Community violence exposure was assessed through the question: “Have you been exposed to violence in the community?”. The dependent variable community violence exposure was based on the World Health Organization (WHO) typology of interpersonal violence [27]. It specifically included exposure to all forms of community violence as physical, sexual, psychological, and deprivation or neglect as all forms of violence ranging from minor to severe acts harm victims in individual ways. Moreover, the presence of interpersonal violence promotes a violent environment and normalizes its use [28]. All incidents [29] of family/partner violence were excluded from this analysis. The participants were also asked to report the month and year of these incidents. Only incidents within one year prior to the study up until the last interview were included in our analysis. All cases of exposure to community violence, as victim, perpetrator, or witness, were included since previous studies showed that perpetrators and victims share similar sociodemographic qualities and usually circulate the same milieus sometimes having experienced violence both as perpetrator and victim [30]. Double entries were only counted once. Application of these criteria resulted in 81 cases of exposure to community violence. Participants were asked to state their last week income prior to each interview, which resulted in the variable ‘weekly income. Participants were also asked to state their current employment. Their answers were coded into six categories as seen in Table 1.

Table 1 Coding of current employment status

To compute utu scores, we used the following four variables: dependents, religious attendance, helping others, and group activities. We derived the idea of an utu score from Kibusi et al. who had already operationalised the concept of utu [10]. The cut-off for religious attendance was chosen based on the results of Kibusi et al. They showed that religious attendance more than once per week was associated with a significantly lower risk for being violently killed in Dar es Salaam [10]. Having people depend on you is a fundamental part of the utu collective identity. This net is formed through relationships of rights and obligations that are based on sharing wealth and resources with one another. It provides the community with strength, security, and an identity. As a social net may buffer risks that lead to socioeconomic isolation we included helping others and participating in group activities in our score [31]. Table 2 shows the coding of the questions and how the score was calculated.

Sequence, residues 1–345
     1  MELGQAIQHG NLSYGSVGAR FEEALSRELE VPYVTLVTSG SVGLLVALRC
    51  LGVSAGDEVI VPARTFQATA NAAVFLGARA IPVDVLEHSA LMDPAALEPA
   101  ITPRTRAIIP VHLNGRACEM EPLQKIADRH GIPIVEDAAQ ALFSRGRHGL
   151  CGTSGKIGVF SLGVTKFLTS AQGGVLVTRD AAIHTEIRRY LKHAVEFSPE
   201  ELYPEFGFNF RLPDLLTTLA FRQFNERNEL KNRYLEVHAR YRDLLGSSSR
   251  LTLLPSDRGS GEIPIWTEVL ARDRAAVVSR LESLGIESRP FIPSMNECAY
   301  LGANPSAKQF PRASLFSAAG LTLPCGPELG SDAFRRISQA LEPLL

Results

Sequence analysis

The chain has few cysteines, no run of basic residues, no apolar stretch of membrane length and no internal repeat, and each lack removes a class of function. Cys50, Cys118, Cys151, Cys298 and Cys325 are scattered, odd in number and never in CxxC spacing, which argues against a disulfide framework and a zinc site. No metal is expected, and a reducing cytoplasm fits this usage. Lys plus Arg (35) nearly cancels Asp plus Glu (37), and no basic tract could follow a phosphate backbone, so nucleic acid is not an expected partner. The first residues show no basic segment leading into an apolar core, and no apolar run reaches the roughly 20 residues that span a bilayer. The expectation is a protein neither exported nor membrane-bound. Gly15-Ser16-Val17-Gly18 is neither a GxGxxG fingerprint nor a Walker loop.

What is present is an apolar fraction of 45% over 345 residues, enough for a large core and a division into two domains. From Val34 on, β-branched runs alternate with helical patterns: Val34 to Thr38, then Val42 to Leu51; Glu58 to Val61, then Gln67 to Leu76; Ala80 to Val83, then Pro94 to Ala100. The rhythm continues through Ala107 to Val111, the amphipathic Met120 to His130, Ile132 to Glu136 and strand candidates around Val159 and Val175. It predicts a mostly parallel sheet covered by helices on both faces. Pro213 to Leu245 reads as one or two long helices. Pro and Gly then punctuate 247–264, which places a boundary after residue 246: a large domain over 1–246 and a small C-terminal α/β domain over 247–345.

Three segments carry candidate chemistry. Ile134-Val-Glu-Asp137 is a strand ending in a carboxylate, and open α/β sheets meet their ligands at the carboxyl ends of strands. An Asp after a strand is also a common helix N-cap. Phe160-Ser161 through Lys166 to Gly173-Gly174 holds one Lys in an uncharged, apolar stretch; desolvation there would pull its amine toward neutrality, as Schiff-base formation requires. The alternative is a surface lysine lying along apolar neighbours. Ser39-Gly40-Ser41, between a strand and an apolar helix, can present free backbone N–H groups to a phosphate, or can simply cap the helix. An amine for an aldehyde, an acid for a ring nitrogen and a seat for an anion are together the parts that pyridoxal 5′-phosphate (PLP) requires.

Table 2 Coding of items and calculation of utu scores

Statistical analysis

The aim of the analysis was to quantify the impact the three interventions had on community violence exposure, weekly income, utu score, and employment structure. Initially, we plotted three graphs depicting the development of community violence exposure rate, mean weekly income, and mean utu score within each arm over the four interviews. We used two modified Poisson regression models in a generalized estimating equations design (GEE) to calculate and compare pre- and post-intervention risk ratios for community violence exposure. To analyse weekly income and utu scores we calculated the individual change from the baseline interview to the last interview by subtracting the latter of the former (Change = Income/Score at T3 – Income/Score at T0). Linear regression models were used to depict the relationship between change in income or utu and the intervention arms. Since the participants of the four arms differed significantly in age, analyses were adjusted for mean-centred age. We also compared pre-intervention to post-intervention employment rates to analyse if the structure was altered by the different intervention schemes. All analyses were conducted using the R Statistical Environment for Windows 10 [32].